As much as we'd like to think otherwise, code does not magically appear on its own. Nor does code appear if we just throw some ideas to a bunch of programmers and let them come up with something. So what we need is some type of framework, some type of organizational process that allows us to do development to get that code out the door. Now, if you want to go old school, there is a development model known as waterfall. So let me put up an example of waterfall for you here. Now, as you look at this, you're going to see that we have little boxes with discrete steps.
And we'll even put it in a step pattern like that. So water could come dripping down from one box to the next. What we're looking at here, like for example, the first thing on this example is requirements. What are the requirements for this particular application, and then design as we're designing how this is going to work, implementation, whatever it might be, waterfall processes and these are very old school have been For a long time, so you're you're very locked in to. Additionally, whatever the requirements are, even if the requirements might need to change. You're very phased driven.
Everything is so rigid as we go from one step to the next. A number of years ago, a bunch of software developers got together and said, this is not a good philosophy. We need to think about an alternative way to do development outside of this waterfall, and they came up with a philosophy called agile. Now, there are entire courses on agile that can go into great detail. But for the exam, what I want us to understand is that agile by itself is a philosophy that says waterfall is not the way to do it. Agile says things like individuals and interactions are more important than processes and tools.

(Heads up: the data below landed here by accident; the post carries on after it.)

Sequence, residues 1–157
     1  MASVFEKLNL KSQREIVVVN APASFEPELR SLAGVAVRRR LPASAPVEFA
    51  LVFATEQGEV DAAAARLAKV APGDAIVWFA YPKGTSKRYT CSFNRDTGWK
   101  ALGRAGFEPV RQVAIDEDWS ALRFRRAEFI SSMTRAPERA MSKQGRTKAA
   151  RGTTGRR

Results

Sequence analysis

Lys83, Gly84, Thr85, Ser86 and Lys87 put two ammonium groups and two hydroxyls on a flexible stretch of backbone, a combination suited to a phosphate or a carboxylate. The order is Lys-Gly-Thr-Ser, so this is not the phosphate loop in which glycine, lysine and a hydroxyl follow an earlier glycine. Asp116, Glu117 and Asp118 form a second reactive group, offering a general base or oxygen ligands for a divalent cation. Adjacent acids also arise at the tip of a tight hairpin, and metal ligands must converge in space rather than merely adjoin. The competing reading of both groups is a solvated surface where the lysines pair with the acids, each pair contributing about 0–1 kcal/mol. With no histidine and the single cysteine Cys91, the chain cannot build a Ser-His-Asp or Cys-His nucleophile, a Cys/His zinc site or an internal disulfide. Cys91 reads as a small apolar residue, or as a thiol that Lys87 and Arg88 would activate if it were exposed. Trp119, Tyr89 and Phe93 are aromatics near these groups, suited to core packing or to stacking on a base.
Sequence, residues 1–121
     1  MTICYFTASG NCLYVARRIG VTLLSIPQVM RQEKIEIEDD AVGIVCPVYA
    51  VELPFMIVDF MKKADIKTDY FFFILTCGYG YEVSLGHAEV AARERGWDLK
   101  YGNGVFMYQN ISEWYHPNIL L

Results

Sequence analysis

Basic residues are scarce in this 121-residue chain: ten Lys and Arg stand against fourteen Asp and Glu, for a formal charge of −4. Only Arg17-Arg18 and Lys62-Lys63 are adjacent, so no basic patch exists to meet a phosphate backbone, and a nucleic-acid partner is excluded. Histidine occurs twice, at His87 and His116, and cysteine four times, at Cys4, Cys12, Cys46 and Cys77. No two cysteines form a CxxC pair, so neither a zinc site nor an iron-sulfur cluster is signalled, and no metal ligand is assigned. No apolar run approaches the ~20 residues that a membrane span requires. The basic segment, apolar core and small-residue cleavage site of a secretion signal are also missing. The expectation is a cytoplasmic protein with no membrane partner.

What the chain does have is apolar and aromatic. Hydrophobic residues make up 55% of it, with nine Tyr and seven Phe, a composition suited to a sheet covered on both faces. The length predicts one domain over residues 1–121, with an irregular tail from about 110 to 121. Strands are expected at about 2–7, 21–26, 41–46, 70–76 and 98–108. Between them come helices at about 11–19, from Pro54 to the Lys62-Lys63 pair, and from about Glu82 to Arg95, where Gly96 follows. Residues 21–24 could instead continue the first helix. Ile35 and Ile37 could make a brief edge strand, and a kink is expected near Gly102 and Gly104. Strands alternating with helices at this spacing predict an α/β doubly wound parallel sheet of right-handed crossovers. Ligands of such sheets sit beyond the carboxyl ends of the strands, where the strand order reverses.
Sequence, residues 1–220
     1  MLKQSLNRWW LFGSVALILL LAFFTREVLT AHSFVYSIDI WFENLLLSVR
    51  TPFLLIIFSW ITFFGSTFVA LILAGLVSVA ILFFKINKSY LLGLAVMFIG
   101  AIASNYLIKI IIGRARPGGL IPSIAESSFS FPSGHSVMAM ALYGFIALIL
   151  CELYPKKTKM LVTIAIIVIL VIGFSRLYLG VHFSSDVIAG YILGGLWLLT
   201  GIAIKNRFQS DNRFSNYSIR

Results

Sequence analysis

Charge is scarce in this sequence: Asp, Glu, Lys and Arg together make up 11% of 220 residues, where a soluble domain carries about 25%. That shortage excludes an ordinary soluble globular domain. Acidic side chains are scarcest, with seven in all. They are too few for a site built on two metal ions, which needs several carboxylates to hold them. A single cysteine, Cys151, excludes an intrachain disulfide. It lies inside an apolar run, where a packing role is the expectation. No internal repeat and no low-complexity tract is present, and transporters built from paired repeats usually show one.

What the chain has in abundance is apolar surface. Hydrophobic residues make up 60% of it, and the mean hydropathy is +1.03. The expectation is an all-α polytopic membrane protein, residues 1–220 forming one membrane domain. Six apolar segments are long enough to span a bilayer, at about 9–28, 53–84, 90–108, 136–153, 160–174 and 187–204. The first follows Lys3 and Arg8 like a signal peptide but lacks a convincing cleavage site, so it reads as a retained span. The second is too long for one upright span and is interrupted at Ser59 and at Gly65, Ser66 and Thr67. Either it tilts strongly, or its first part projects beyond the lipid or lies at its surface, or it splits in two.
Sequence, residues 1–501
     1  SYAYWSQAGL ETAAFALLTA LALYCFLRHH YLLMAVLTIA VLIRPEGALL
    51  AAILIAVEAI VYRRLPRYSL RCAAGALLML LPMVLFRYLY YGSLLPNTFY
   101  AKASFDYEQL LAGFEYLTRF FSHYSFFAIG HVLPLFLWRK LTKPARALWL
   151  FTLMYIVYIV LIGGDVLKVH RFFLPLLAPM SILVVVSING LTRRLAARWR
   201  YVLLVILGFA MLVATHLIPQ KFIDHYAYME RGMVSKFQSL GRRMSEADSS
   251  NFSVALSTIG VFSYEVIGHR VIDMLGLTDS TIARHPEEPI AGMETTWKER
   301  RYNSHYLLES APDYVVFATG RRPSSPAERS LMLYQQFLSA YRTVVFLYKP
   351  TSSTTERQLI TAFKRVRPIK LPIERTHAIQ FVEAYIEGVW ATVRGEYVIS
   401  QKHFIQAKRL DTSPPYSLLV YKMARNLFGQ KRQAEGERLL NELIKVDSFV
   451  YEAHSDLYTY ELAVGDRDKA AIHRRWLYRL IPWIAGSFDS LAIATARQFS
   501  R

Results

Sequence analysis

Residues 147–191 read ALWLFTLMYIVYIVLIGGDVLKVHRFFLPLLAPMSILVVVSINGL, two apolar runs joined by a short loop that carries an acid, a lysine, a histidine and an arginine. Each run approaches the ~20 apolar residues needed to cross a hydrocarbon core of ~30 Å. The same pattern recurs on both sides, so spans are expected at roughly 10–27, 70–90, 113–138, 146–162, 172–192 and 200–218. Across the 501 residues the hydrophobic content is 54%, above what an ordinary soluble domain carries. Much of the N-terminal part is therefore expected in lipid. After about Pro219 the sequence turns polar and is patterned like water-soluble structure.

Agile says things like working software is more important than comprehensive documentation. Agile is going to say things that would include customer class. over just a contract negotiation, it would say things like responding to change over just following a plan. The word about agile is flexibility and being able to move and be able to move quickly with adjustments and needs to get that software out the door. So how do we do this? Well, there's hundreds of different tool sets within the Agile philosophy.
But a couple that I might want to bring to mind is, for example, the sprint, the sprint is okay. We have a very short amount of time, a week, a day, whatever it might be, where we have a certain number of things that we want to get fulfilled. Let's get that deadline and within that sprint time period, let's achieve what we can achieve. Another thing might be the scrum. A Scrum is a quick meeting, a very short meeting, often standing up there where you basically talk about, you know, what have I achieved what is my goal to achieve within this certain time period? Are there things like blockers what might be preventing me from being able to achieve those goals very quick meeting that allow us to get together, move quickly and move on to the next step of a project.